If there's one image I try to remove from my mind it's one of me 'blogging up a storm.' I never liked the word 'blog' from the first moment I heard it - it's another example of ugly portmanteau words that are supposed to reflect modern times. A couple of years ago I read an article in a prominent Canadian newspaper (I can't remember which one) that had suggestions of new words for the 21st century. I can't remember any of the words either - but trust me when I say that none of them looked/sounded like anything I'd add to my personal lexicon. Sometimes I like to joke around and say that the new English words of the 21st century will be found in captchas...but I'm sure that's already been done in the past, with an author wise in computers who used a program to generate as many random words as possible, then attached different meanings to them and tried to write a book out of it all. But successfully achieving a task like that seems like the rarest accomplishment in literature - id est Finnegan's Wake, and Joyce had no idea of computers or their eventual impact on the world, which I'm sure has been expounded on elsewhere.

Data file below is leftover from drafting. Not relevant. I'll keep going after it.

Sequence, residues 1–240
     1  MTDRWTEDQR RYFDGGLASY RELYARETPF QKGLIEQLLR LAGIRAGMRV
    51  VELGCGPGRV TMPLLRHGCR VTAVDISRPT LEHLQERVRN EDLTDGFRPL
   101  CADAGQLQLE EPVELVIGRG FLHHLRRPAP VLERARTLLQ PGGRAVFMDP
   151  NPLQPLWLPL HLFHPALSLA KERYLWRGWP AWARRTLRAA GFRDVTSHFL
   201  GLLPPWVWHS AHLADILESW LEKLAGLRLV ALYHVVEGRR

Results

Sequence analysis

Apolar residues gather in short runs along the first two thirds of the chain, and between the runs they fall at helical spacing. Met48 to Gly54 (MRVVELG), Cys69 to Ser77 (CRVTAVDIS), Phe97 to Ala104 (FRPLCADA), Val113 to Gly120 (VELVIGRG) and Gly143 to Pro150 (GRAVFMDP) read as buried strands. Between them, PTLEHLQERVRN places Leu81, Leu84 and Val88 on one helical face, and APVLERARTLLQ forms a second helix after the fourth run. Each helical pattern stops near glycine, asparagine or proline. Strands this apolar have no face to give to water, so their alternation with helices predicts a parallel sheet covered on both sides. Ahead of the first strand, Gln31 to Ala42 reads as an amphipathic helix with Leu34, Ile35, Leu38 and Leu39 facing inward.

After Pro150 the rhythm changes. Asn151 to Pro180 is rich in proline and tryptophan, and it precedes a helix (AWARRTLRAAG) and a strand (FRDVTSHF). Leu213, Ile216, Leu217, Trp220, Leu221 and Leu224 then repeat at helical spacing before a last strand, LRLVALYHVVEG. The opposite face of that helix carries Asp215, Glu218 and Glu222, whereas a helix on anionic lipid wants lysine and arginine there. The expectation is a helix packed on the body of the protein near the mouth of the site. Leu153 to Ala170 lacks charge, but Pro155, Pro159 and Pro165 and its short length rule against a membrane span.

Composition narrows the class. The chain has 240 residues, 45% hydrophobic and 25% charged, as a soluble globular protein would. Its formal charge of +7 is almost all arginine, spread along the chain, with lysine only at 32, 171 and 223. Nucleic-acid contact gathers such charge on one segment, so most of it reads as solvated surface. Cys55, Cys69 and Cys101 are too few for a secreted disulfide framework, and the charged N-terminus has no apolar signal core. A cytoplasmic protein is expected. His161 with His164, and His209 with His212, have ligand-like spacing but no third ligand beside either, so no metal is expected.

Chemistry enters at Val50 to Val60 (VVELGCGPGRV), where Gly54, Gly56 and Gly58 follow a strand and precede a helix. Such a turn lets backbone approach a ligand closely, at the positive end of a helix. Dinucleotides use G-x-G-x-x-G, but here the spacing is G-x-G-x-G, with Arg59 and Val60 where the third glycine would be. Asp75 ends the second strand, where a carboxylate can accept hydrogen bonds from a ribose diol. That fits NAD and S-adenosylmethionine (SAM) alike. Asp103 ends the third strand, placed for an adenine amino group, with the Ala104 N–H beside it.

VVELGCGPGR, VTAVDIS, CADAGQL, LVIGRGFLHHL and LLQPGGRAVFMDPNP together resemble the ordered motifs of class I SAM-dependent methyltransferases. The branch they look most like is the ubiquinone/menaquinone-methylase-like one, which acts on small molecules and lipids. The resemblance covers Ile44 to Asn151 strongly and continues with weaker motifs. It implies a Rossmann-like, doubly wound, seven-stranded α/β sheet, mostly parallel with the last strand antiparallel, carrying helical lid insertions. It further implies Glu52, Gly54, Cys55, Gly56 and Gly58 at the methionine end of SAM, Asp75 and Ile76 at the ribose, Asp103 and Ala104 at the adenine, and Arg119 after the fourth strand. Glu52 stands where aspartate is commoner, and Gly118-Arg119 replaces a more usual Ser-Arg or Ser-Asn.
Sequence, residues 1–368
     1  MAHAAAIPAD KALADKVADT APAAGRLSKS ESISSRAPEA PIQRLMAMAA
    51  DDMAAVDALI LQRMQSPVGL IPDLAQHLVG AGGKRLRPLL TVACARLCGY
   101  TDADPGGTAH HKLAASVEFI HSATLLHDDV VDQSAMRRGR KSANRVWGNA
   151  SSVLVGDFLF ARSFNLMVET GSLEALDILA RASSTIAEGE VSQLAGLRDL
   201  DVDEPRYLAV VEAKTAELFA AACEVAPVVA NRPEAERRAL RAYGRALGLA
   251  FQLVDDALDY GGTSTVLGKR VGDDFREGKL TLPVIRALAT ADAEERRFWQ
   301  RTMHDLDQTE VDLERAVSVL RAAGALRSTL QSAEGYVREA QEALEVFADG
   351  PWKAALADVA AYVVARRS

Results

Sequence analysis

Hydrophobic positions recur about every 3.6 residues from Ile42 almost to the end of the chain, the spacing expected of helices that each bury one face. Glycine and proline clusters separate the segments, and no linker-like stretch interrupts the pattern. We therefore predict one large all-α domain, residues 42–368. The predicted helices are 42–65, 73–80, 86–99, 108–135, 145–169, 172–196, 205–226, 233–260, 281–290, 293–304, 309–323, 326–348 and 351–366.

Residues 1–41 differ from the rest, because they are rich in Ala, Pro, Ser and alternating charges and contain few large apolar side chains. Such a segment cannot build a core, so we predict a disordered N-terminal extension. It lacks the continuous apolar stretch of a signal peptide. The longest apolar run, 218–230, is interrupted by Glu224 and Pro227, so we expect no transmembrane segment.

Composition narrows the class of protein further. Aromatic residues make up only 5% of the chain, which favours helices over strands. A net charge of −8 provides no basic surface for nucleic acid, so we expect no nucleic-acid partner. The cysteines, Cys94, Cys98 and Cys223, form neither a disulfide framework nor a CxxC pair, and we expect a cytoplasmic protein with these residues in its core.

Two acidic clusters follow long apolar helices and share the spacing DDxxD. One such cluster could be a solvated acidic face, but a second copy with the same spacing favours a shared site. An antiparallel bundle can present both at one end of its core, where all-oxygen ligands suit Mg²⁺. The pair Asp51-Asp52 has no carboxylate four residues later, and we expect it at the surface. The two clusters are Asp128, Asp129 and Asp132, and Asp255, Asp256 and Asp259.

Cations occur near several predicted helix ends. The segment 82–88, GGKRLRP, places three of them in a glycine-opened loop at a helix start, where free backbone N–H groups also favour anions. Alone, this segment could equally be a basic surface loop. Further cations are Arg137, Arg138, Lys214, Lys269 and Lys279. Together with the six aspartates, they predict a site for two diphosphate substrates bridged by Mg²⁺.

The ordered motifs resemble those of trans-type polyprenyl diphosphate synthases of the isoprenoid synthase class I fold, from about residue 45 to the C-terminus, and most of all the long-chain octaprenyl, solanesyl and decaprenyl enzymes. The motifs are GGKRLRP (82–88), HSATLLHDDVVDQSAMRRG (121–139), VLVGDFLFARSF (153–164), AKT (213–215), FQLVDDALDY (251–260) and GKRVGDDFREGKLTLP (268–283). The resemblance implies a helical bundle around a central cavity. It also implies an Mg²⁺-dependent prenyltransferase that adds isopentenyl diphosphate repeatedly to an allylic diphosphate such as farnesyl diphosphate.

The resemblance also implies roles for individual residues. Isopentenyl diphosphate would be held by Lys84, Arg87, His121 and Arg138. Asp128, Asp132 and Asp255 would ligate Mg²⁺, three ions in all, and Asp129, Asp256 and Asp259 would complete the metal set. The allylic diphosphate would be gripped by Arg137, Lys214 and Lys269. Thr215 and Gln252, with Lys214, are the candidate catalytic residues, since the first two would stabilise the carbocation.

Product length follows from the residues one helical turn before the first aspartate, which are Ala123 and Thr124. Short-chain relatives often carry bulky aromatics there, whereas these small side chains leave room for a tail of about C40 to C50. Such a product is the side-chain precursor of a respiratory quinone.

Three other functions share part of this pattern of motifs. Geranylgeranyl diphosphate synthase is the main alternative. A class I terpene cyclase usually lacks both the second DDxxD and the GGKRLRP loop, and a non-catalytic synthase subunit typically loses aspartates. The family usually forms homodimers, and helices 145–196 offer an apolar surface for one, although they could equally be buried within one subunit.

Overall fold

And while I'm on the topic of words, why am I finding the word 'interesting' being used so frequently nowadays? I take umbrage at it. But since language is excessive and pseudo-intellectual, why bother worrying? Whatever works, works - keep it going.
First you get the money, then you get the power, then you get the woman.

And as much as I hate to expose one of my favourite bands, a fault of mine where I want to keep what's lesser known and amazing to myself so it doesn't get overexposed (is it a fault? They'd want the exposure - I guess it's a symptom of youth, keeping secrets)... this is The Sea and Cake. Oui is one of the best albums I've ever listened to, as well as The Fawn and Everybody. Sometimes I feel like writing about how literature and music are wrapped around one another. Until then...

Thursday, February 18, 2010